When Edson’s Building, a century-old structure at 270 Queen Street, Auckland, was marked for demolition in 1970, a construction worker found a large number of glass-plate negatives stored in the attic. News of this discovery reached deputy librarian Wynne Colgan and New Zealand reference librarian Pat French. They organised a speedy rescue mission, in which a team climbed repeatedly into the attic with tote-bags. Around 26,000 half plate and whole plate negatives were retrieved, representing the lifetime’s work of the gifted and versatile photographer Herman John Schmidt (1872-1959). Schmidt’s accession registers and day books were also saved - valuable aids in identifying the subjects of his portraits.
Although his name suggests German ancestry, Schmidt was an Aucklander, born and bred, descended from immigrants from Bremen. According to his obituary in the New Zealand Herald, he was, in his youth, a well-known sportsman: ‘a good middle-distance runner and a prominent competition cyclist, besides taking an active part in yachting and the administration of rowing’. His essential ‘Kiwiness’ must never have been in doubt. Anti-German feelings ran high in New Zealand during World War One and a Teutonic ring to one’s name was sometimes all that was required to provoke hostility. Yet, throughout the war, Schmidt’s studio had a steady stream of customers, many of them from the armed forces.
Schmidt learned his craft under the tutelage of the venerable Auckland photographer Charles Hemus. By 1905 he had taken over the management of Hemus’s studio and by 1908 he was operating under his own name on the first floor of Edson’s Building. He continued working at these premises until his retirement in 1942. Interested in the artistic as well as the commercial aspects of photography, he entered international competitions and won many awards. His international standing was further enhanced in 1937 when he was elected a Fellow of the Royal Photographic Society. For many years he also contributed images to the Auckland Weekly News, the New Zealand Home Pictorial and other illustrated journals. His main income, however, came from portraiture.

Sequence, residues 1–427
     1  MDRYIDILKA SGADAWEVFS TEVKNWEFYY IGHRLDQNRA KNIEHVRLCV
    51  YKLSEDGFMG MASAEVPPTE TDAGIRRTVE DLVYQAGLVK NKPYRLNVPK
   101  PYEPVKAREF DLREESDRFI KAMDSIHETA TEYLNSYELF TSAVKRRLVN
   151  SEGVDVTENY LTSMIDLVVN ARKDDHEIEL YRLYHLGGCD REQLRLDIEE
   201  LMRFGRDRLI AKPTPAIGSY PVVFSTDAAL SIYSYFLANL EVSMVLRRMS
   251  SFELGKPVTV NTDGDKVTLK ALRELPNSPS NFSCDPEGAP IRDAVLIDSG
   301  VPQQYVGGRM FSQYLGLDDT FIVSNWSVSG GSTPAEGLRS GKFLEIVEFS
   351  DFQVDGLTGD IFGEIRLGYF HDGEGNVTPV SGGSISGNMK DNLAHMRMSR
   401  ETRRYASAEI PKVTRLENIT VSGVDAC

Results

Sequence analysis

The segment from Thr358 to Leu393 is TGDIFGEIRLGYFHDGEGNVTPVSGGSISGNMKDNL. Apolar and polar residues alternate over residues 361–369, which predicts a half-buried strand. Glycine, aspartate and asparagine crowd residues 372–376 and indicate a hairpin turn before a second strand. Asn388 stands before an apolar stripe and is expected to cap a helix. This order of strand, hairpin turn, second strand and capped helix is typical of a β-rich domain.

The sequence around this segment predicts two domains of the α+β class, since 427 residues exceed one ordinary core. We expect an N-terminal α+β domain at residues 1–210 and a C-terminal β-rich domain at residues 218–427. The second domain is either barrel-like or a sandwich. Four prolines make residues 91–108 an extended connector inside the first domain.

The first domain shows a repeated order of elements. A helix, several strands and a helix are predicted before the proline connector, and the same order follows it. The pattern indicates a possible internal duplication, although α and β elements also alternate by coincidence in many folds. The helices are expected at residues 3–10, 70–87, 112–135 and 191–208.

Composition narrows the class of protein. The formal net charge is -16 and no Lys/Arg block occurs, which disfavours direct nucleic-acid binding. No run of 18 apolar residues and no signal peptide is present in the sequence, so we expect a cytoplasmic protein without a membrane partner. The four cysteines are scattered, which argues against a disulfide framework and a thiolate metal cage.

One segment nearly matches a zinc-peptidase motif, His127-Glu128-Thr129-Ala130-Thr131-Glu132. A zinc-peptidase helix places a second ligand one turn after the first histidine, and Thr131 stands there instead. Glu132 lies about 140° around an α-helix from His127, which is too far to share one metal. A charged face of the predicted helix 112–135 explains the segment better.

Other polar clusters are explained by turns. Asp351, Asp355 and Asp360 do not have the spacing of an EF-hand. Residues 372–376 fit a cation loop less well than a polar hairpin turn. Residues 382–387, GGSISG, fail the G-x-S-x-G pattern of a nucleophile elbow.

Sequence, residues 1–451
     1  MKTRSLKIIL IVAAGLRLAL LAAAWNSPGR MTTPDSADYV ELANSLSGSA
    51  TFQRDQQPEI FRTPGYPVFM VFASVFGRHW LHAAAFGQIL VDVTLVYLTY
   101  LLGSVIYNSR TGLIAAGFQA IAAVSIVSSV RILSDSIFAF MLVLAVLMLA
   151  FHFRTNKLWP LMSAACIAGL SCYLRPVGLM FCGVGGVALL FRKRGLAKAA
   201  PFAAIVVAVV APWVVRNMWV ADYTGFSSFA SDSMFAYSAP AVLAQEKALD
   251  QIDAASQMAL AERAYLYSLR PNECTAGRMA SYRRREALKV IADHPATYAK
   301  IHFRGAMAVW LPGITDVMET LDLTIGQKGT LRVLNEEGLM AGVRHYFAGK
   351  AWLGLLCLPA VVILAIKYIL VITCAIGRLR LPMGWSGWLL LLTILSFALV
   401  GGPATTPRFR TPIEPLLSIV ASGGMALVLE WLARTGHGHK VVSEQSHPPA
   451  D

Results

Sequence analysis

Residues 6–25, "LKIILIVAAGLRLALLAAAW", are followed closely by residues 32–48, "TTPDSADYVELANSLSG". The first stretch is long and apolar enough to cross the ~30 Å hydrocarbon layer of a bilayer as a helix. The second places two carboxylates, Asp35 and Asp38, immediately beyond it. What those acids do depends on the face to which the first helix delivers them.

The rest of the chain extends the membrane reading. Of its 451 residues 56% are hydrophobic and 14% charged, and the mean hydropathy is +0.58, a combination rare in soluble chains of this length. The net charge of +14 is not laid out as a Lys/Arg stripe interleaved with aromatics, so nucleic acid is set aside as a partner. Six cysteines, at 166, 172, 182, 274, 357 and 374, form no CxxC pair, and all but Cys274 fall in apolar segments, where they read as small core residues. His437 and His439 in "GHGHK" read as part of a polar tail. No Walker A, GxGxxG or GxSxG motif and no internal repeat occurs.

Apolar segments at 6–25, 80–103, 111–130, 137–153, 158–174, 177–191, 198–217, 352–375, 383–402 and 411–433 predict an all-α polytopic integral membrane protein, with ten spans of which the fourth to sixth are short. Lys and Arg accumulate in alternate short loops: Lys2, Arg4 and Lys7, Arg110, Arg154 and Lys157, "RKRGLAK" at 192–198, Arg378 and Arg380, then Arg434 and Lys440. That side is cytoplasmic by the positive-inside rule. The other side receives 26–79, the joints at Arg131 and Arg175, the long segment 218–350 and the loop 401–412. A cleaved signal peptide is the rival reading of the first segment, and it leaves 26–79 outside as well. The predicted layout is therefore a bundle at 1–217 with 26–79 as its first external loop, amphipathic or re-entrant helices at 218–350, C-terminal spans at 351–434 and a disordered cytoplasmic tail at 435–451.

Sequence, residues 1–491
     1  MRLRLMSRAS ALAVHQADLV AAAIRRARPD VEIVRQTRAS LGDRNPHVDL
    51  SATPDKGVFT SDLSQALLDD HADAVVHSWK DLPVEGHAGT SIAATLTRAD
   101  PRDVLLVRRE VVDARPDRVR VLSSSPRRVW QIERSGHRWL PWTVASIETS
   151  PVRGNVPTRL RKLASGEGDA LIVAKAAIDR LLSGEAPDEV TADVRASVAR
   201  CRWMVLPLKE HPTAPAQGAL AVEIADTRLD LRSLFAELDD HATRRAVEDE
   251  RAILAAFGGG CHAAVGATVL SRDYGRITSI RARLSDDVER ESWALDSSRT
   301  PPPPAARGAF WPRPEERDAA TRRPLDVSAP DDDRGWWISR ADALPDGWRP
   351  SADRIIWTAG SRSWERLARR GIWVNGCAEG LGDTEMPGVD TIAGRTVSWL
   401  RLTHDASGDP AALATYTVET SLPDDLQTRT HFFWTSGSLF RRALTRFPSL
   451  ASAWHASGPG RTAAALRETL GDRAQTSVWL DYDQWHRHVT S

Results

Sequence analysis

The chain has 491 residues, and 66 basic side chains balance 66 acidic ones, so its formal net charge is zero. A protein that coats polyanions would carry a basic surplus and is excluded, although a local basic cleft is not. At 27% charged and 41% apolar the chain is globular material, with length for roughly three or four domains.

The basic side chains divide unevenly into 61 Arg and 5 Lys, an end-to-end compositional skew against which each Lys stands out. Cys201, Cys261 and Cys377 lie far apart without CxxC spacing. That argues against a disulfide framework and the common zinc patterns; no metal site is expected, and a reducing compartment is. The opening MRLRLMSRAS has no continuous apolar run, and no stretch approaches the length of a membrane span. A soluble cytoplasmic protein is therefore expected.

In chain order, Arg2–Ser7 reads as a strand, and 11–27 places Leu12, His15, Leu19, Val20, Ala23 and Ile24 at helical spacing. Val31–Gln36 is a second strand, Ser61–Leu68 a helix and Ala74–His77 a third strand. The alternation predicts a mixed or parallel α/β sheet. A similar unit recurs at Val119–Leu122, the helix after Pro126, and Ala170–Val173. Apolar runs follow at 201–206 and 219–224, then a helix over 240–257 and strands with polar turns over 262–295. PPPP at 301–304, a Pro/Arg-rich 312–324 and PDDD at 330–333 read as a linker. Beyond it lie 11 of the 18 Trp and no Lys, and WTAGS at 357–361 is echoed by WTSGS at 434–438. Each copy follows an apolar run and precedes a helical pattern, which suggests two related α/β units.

About 4,500 of the Schmidt negatives form the World War One soldier portrait series. They have been scanned and made available through the Library’s website (www.aucklandcitylibraries.com) on Heritage Images Online. Most of the negatives have at least a surname scratched on the edge and many also have an initial. This indicates the person who booked the sitting (usually also the subject of the photograph). The surnames have been checked against Schmidt’s accession registers and in the Nominal rolls of the New Zealand Expeditionary Force to find the full name, rank and serial number of each serviceman. Most of the soldiers photographed also have identifiable badges or insignia.